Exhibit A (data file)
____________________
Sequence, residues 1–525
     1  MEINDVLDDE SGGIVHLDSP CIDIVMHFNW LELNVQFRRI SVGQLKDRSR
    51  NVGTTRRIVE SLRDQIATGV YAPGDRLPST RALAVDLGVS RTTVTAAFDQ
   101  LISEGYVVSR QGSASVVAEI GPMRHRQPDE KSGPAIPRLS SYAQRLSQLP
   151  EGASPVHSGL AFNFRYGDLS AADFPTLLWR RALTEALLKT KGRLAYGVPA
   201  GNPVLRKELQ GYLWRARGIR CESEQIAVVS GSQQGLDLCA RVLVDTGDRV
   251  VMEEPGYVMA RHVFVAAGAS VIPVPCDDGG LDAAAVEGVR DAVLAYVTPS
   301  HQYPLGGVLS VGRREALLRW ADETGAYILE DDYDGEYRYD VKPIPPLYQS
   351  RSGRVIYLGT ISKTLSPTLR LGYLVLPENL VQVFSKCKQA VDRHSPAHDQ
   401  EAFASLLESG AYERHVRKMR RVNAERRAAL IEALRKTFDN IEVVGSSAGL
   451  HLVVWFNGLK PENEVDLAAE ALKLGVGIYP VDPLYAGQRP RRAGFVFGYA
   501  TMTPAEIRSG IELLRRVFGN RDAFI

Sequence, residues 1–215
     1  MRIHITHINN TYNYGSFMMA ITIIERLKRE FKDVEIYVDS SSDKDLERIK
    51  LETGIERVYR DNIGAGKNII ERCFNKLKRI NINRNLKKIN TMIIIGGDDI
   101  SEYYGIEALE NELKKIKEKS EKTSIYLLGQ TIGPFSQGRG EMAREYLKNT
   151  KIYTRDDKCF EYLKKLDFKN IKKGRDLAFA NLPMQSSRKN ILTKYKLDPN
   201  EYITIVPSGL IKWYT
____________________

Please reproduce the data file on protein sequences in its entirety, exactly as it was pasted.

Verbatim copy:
Sequence, residues 1–525
     1  MEINDVLDDE SGGIVHLDSP CIDIVMHFNW LELNVQFRRI SVGQLKDRSR
    51  NVGTTRRIVE SLRDQIATGV YAPGDRLPST RALAVDLGVS RTTVTAAFDQ
   101  LISEGYVVSR QGSASVVAEI GPMRHRQPDE KSGPAIPRLS SYAQRLSQLP
   151  EGASPVHSGL AFNFRYGDLS AADFPTLLWR RALTEALLKT KGRLAYGVPA
   201  GNPVLRKELQ GYLWRARGIR CESEQIAVVS GSQQGLDLCA RVLVDTGDRV
   251  VMEEPGYVMA RHVFVAAGAS VIPVPCDDGG LDAAAVEGVR DAVLAYVTPS
   301  HQYPLGGVLS VGRREALLRW ADETGAYILE DDYDGEYRYD VKPIPPLYQS
   351  RSGRVIYLGT ISKTLSPTLR LGYLVLPENL VQVFSKCKQA VDRHSPAHDQ
   401  EAFASLLESG AYERHVRKMR RVNAERRAAL IEALRKTFDN IEVVGSSAGL
   451  HLVVWFNGLK PENEVDLAAE ALKLGVGIYP VDPLYAGQRP RRAGFVFGYA
   501  TMTPAEIRSG IELLRRVFGN RDAFI

Sequence, residues 1–215
     1  MRIHITHINN TYNYGSFMMA ITIIERLKRE FKDVEIYVDS SSDKDLERIK
    51  LETGIERVYR DNIGAGKNII ERCFNKLKRI NINRNLKKIN TMIIIGGDDI
   101  SEYYGIEALE NELKKIKEKS EKTSIYLLGQ TIGPFSQGRG EMAREYLKNT
   151  KIYTRDDKCF EYLKKLDFKN IKKGRDLAFA NLPMQSSRKN ILTKYKLDPN
   201  EYITIVPSGL IKWYT